Rational Permeates IBM's Software DNA

Five years after its acquisition, Rational's technology has permeated the IBM software group.

Five years ago this month IBM acquired Rational Software, an application lifecycle developer tools vendor that has become an integral part of the IBM software story.

IBM Rational is a prime example of IBM's successful acquisition strategy to broaden its software base.

Five years ago, IBM Software Group Senior Vice President Steve Mills set out to draw a deeper connection to IBM middleware technology with a focus on building a complete, process-integrated software development platform.

IBM acquired Rational Software on Feb. 20, 2003, for $2.1 billion, and since that time Rational has not only provided IBM with new software tools to market, but also has helped improve the way the systems giant develops its products and delivers services to customers.

"I am entirely satisfied" with the Rational deal, Mills told eWEEK in an interview. Mills said the motivation behind the deal was that IBM had a long-term partnership with Rational and needed to beef up the tooling across its middleware line. And since the acquisition, Rational technology has been fused with WebSphere, Tivoli and Lotus software in various ways, he said.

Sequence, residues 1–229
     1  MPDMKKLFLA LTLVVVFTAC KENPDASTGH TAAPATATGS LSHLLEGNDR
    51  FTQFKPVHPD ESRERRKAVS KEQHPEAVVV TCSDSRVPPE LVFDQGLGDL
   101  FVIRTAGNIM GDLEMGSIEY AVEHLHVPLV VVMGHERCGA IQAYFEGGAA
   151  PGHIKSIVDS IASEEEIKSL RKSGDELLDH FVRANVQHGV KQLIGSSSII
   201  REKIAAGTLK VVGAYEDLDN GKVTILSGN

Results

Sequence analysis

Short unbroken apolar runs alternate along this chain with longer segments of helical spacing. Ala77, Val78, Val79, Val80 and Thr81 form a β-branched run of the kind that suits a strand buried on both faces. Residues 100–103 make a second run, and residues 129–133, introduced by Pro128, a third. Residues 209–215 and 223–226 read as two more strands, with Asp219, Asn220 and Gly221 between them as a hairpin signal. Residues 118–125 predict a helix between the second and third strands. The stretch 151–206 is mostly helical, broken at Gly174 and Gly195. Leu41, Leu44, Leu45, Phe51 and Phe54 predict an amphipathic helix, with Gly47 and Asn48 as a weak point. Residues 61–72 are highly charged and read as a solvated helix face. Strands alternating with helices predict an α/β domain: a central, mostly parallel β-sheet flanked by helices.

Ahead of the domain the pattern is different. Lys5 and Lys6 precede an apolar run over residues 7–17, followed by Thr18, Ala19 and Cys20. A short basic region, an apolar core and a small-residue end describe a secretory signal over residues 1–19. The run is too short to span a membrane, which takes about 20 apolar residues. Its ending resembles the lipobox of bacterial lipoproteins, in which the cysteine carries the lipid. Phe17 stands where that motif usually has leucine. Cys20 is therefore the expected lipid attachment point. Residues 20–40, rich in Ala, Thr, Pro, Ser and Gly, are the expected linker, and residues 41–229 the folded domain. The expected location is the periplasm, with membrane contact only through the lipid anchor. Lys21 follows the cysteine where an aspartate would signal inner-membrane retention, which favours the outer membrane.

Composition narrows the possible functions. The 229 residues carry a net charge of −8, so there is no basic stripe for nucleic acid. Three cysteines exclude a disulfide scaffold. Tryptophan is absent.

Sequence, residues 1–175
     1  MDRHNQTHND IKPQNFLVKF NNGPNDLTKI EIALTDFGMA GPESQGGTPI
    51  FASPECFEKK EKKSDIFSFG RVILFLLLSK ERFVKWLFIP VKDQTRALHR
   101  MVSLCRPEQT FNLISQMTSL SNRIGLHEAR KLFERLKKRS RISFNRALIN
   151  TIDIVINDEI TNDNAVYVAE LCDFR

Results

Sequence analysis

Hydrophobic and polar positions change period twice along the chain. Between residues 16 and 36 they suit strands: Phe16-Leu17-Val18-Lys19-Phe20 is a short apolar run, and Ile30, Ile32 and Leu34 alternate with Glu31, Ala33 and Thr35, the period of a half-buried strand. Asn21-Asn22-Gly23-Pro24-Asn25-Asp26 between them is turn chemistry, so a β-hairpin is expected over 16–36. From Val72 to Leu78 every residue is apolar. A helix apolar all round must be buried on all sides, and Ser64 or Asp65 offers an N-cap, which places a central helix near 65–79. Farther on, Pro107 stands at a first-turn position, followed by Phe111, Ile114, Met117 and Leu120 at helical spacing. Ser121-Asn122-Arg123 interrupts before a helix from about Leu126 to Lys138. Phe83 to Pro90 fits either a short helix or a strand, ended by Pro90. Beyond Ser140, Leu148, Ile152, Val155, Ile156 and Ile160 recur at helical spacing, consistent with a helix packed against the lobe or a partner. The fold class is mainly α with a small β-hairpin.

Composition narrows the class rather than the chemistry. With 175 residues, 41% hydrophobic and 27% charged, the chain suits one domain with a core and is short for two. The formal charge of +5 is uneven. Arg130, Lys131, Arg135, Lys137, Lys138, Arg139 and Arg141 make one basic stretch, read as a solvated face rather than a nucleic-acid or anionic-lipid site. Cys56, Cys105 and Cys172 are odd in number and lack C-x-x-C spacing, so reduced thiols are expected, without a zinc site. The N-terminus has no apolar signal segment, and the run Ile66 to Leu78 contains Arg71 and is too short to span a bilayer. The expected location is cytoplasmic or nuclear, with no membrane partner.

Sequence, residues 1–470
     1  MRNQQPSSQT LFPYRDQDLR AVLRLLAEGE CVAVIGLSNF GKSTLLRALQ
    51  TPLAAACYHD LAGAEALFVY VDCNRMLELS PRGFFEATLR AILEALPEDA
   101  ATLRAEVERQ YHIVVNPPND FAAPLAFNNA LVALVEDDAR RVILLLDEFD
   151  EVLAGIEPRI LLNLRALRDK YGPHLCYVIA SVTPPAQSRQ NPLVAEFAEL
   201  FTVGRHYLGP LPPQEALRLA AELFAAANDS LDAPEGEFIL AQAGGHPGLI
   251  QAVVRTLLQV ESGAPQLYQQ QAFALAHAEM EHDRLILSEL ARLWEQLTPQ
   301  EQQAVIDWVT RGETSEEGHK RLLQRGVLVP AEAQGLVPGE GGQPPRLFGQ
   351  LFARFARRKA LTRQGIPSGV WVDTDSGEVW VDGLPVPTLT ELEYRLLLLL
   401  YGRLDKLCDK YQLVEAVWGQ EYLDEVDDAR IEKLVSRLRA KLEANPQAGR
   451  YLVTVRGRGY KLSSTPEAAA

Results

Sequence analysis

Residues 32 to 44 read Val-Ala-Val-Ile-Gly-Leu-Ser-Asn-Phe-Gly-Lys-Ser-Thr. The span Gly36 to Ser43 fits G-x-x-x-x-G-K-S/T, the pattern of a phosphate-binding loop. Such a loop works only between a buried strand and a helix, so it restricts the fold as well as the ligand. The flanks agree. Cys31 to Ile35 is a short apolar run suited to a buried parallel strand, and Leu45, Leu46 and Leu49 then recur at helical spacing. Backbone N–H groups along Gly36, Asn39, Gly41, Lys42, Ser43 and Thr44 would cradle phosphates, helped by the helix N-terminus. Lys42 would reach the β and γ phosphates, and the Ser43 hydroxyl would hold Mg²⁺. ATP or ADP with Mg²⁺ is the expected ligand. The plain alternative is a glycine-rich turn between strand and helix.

"We knew we needed to tool the WebSphere run-time," Mills said.

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Danny Sabbah, general manager of the Rational software unit at IBM, said that today the Rational "business is twice the size of what it was when we acquired it"-through both organic growth and acquisitions.

Sabbah said Rational's focus on the governance of software and systems development and delivery has paid off, as has the division's enterprise modernization portfolio and languages and compilers focus. Rational also launched an effort to support developers in the SOA (service-oriented architecture) space. Meanwhile, demand for Rational's requirements management, quality management and other tools has remained strong, Sabbah said.

For the fourth quarter of 2007, IBM Rational revenue grew by 22 percent over the same period in 2006, and for the entire year, Rational's revenue grew 16 percent over 2006. And in 2007 the Rational division itself oversaw two key IBM Software Group acquisitions: BuildForge, a build management software company; and Watchfire, a Web application security software vendor.

A focus on the customer has helped drive revenue, Sabbah said.

"One of the things I've tried to do is focus the team on a much more active view of how we support our customers," Sabbah said. "One thing we've instituted is a passion for satisfying customers."